The Dawn spacecraft has detected organic compounds on the dwarf planet Ceres.

organic material on Ceres
These Dawn spacecraft data show a region around the crater Ernutet on Ceres where scientists have discovered concentrations of organic material (labeled “a” through “d,” two more in this area not shown). The color coding shows the strength of the organics spectral absorption band, with warmer colors indicating the highest concentrations.
NASA / JPL-Caltech / UCLA / ASI / INAF / MPS / DLR / IDA

Reporting in the February 17th Science, Maria Cristina De Sanctis (INAF Institute for Space Astrophysics and Planetology, Italy) and other members of NASA’s Dawn mission have found a big patch of organic compounds high in the northern hemisphere of the dwarf planet Ceres. Ceres is the largest member of the asteroid belt, and the Dawn spacecraft has been exploring it since 2015.

Organics are not surprising in of themselves. Scientists have found them in meteorites (many of which come from asteroids), and we’ve also seen hints of them on the main-belt asteroids 24 Themis and 65 Cybele. But the signal Dawn picked up is much clearer than the ones from those other asteroids.

The organics drape over the southwest floor and rim of the 50-km-wide crater Ernutet, with a few blobs nearby. However, the compounds don’t look to be connected to the crater itself; they're spread across about 1000 km2. Dawn also detected at least one more, much smaller deposit in Inamahari Crater, about 400 km from Ernutet.

Unfortunately, the scientists couldn’t actually tell what the stuff is, just that it looks like aliphatic organic material. Aliphatic and aromatic are two types of compounds. Aromatic organics have molecular rings of carbon atoms and are fairly “processed,” chemically speaking; aliphatic compounds instead generally have straight chains of carbon atoms and have been less affected by heat and radiation.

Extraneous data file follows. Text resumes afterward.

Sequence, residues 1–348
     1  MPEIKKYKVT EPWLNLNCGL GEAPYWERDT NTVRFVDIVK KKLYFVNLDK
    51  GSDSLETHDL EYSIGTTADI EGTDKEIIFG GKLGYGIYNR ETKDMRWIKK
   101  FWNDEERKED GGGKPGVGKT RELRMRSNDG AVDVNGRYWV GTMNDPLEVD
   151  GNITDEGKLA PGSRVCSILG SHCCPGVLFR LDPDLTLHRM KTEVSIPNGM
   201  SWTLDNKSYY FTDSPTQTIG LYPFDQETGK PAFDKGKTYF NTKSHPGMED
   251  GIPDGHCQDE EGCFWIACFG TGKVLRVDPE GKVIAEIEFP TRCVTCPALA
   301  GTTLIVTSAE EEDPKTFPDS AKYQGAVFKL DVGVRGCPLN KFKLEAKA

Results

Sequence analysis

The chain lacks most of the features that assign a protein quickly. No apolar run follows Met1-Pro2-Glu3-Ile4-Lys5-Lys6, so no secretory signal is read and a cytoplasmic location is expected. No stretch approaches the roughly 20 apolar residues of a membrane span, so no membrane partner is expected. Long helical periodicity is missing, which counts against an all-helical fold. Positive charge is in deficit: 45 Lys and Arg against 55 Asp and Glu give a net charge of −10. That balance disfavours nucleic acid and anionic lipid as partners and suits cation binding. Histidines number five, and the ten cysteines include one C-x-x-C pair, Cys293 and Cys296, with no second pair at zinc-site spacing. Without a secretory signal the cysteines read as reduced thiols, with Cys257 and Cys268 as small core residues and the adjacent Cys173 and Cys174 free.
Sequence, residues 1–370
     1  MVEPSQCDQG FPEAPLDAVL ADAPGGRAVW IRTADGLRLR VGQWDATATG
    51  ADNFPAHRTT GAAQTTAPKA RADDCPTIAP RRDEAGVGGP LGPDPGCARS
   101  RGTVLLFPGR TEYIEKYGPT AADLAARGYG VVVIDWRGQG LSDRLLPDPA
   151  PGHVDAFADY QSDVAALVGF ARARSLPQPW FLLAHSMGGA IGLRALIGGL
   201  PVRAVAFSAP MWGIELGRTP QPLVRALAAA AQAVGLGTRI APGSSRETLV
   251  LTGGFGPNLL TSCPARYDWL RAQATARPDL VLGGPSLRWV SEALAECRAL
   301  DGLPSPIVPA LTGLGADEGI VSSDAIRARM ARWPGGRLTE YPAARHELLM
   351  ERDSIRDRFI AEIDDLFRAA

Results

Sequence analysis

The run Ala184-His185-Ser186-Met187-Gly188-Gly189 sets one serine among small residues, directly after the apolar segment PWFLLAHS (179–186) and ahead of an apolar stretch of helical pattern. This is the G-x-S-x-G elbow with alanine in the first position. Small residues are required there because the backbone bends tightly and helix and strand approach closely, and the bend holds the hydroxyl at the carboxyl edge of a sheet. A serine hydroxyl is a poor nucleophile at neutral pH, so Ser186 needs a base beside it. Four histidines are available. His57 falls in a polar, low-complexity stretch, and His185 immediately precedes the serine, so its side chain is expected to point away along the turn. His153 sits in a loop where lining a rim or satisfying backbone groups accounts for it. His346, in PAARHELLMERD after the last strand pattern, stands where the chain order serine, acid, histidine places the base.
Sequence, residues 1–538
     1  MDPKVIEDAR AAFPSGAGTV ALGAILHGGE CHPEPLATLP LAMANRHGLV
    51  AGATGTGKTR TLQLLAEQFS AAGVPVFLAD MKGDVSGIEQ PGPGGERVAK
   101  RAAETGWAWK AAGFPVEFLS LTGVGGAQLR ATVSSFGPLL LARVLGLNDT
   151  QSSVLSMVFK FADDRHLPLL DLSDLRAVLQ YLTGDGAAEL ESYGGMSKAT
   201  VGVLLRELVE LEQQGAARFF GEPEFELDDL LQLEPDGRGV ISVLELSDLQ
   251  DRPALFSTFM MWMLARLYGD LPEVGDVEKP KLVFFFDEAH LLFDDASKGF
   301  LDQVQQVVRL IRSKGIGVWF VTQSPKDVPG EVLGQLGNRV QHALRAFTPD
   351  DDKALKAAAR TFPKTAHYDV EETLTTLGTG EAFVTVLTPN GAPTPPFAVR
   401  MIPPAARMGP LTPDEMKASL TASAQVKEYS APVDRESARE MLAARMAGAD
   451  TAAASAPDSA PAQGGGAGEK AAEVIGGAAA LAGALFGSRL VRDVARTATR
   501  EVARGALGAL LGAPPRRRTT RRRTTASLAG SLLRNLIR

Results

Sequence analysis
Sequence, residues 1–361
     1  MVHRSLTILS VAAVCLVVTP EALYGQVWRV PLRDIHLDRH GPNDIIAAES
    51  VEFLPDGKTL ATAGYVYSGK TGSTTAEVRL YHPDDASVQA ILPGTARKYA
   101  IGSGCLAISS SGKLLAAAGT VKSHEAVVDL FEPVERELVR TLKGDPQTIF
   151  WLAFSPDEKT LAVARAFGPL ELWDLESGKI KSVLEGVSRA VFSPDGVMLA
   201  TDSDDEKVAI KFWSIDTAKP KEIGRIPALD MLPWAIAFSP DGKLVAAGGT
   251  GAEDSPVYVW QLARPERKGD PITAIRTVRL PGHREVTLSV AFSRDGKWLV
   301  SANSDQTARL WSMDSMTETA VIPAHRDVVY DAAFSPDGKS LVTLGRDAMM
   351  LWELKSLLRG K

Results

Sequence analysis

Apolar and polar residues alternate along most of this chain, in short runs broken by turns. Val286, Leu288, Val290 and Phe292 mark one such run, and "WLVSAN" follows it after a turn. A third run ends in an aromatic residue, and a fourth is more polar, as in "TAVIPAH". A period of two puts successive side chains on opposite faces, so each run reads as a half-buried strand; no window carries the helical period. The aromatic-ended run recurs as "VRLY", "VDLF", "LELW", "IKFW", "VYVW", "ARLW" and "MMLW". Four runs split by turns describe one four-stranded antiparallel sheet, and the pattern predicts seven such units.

There are two reasons the result is interesting. One, Ceres also has tons of water ice, plus carbonates and salts. The addition of organic material makes the dwarf planet a promising environment for prebiotic chemistry.

Two, the organics don’t seem to have been delivered by impacts — no clear cause-and-effect with particular craters, plus a hit probably would have distributed the stuff in diluted form along with other debris. Not to mention there’s other, clearly native material mixed in. Instead, the organics likely come from Ceres itself. Perhaps they’ve been brought up from below by some process, although how remains an open question. Scientists also recently suggested the little world might have a history of ice volcanoes, so maybe it’s more active than we suspected.


Read more about the result in the Southwest Research Institute’s press release. You'll find an in-depth recap of Dawn's discoveries in our December 2016 issue.


Reference: M. C. De Sanctis et al. “Localized aliphatic organic material on the surface of Ceres.” Science. February 17, 2017.





Image of Jim-Baughman


February 20, 2017 at 1:46 pm

Grandma Grammar here.

Second paragraph: “Organics are not surprising in of themselves...” should be “Organics are not surprising in AND of themselves...”

Also—Ceres has merely “tons” of water ice (paragraph five)? That would mean Ceres is the driest object in the solar system. All the results from Dawn point to the opposite, that there is an abundance of water ice on Ceres.

The exuberant use here of “tons” as a metaphor for “a vast amount” seriously compromises this article. It is no fun being a grammar or style nanny, but in science putting things clearly and unambiguously should always trump putting them playfully or stylishly.

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